As the tired gelding took his third tentative step into the new aluminum trailer John was sure to show the horse that he(John)was still very much in control of what was happening.

    One fellow yelled "Load up",another cracked a whip with a plastic bag tied to it ,and a third threw an empty beer can just for good measure.

    Johns trailer still has the dent in the roof of his trailer where the horses skull was crushed and neck was broken.
    The good note is that the ranch where they were at had a backhoe to off load and clean up the mess.


    Don't ever walk behind me or my horse when I am loading up and don't ever help a loading uninvited!
         
        05-08-2010, 07:25 PM
      #13
    Trained
    While these scenarios all end in the worst case I can think of at least once that each of these have happened and usually several times. It never ceases to amaze me that some people think that yelling "load up" or some equivalent at a horse that has never been in a trailer will magically make them step in. I have told more than one client to shut up and go somewhere else while I get thier horse loaded. I generally try to do it in a nice way (especially if I haven't been paid yet) but some people just refuse to take a hint.
         
        05-08-2010, 09:39 PM
      #14
    Showing
    Very interesting, informative article - as always - Marecare. I will ponder and reply when I feel that I can make any sort of a contribution to this thread, but I wanted to bookmark it :)
         
        05-08-2010, 10:48 PM
      #15
    Yearling
    The last scenario just made me sick. I can deal with people being hurt by stupidity, but when an animal is hurt due to owner mishandling it just makes me mad.

    I have to move horses frequently as they come into the rescue. It never fails- any horse I pick up has never been taught to gently trailer load. I always go about it with the idea that I have all day to load. It might take me 2 hours to get the horse to load willingly, without being beaten and minimal use of ropes etc. I don't have a problem with taking one step and standing until the animal is calm before making one more step.

    If people would just SLOW DOWN they would accomplish much much more. I remember when I picked up my AQHA mare her owner was in such a tizzy the mare was feeding off that energy and reacting. I asked the owner to leave and go in the house and I'd load the horse myself. She was rearing up and very scared, and owner thought I was insane- but I was safer with her owner gone. I just backed her up and talked to her and calmed her down, then we slowly took one step at a time. If she got scared, we stood still. After about an hour I had her loaded quietly, gently and willingly. It was babysteps. Now, she will hop in and out with no problems.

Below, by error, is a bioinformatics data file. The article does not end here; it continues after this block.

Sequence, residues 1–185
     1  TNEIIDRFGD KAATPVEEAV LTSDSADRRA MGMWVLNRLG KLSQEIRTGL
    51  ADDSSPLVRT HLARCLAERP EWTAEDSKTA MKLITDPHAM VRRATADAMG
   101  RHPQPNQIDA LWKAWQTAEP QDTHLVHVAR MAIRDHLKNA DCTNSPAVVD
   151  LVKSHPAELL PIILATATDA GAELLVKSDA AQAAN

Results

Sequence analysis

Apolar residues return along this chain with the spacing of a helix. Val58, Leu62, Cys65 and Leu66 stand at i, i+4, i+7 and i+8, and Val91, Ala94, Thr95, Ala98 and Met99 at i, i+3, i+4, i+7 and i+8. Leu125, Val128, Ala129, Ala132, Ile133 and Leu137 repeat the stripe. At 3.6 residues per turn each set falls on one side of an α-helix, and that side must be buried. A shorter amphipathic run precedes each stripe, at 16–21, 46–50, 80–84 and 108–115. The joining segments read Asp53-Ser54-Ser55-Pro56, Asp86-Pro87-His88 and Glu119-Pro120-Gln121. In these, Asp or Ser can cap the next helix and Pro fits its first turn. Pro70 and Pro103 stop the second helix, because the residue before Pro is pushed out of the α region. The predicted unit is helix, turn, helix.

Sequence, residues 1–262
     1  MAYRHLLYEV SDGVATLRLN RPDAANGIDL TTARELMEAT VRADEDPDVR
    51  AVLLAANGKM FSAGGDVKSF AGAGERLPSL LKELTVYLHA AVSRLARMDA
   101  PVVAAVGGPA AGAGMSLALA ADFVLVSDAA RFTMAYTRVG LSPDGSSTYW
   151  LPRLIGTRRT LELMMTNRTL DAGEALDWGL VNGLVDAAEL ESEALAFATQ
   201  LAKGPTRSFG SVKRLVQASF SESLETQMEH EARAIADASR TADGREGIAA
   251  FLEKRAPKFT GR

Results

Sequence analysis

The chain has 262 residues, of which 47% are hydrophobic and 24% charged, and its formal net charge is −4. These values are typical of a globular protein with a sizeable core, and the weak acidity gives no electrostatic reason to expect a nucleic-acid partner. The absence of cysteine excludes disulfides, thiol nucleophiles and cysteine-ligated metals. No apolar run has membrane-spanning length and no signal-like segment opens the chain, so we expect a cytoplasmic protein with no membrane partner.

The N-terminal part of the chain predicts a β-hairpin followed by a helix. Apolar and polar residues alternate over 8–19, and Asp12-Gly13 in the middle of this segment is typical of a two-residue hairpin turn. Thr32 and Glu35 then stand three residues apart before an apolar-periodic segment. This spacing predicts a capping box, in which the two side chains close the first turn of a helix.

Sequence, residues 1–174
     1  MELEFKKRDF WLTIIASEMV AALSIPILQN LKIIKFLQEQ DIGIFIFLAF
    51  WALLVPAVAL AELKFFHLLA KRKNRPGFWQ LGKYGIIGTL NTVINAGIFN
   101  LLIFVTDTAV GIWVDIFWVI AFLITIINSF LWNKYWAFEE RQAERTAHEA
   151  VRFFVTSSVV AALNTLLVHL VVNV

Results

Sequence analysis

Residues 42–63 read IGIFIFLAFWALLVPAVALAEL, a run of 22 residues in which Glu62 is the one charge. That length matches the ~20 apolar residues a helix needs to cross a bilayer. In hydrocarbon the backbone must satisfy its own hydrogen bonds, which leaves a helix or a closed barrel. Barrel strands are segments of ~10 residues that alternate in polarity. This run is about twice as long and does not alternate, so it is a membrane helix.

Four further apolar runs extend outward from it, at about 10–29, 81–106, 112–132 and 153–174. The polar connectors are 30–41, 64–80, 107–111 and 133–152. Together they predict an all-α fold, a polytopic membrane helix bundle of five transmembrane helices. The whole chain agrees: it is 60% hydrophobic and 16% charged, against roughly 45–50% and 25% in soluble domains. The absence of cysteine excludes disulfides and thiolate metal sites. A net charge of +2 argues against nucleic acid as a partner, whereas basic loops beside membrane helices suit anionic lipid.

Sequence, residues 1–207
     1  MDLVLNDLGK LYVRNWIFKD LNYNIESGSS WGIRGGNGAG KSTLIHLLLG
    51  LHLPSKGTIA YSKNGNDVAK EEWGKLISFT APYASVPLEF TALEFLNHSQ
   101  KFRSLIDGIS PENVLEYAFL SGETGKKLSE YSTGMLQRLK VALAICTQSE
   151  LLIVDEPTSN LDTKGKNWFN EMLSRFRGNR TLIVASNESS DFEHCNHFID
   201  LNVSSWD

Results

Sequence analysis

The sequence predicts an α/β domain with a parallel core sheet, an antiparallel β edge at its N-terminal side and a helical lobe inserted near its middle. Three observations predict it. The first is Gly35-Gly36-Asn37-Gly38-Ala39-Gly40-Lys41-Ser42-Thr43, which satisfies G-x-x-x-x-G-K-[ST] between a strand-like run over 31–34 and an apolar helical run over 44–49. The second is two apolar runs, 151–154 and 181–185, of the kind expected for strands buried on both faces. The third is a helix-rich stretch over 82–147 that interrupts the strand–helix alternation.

I get tired of seeing horses that have been manhandled and forced into a behavior, where if a person just stopped, thought about how the animal would feel trying to learn the behavior, and proceeded slowly and gently that they would be so much more willing and happy to work with you.

    I guess what I am saying is In order to accomplish a behavior, you must slow down and let the horse understand what is expected of them.
         
        05-08-2010, 11:16 PM
      #16
    Green Broke
    Wow those are some pretty eye opening scenarios. Unforunately they happen all too often.
         
        05-09-2010, 12:58 AM
      #17
    Yearling
    For two days I watched owner and horse enter the large arena and present themselves to the trainer.
    They were always met with "Good morning,how can we help you today"?

    Then would begin this long list of complaints that had obviously been building for some time.
    I felt like I was a fly on the wall of a marriage counselors office witnessing a persons most private moments and I was a bit embarrassed.
    The resentment had built and the complaints were very long.
    Owners were frustrated,at their wits end and even depressed.
    How had they gotten to this place?
    Why were they having so much trouble with such basic handling skills?

    Each person had brought quite a bit to the table.
    Their horses were well cared for,in good health,and the tack was of high quality.

    Many people brought friends and family to support and cheer them on in a time of need.
    They were dressed well and had made a financial commitment for the three days of the clinic.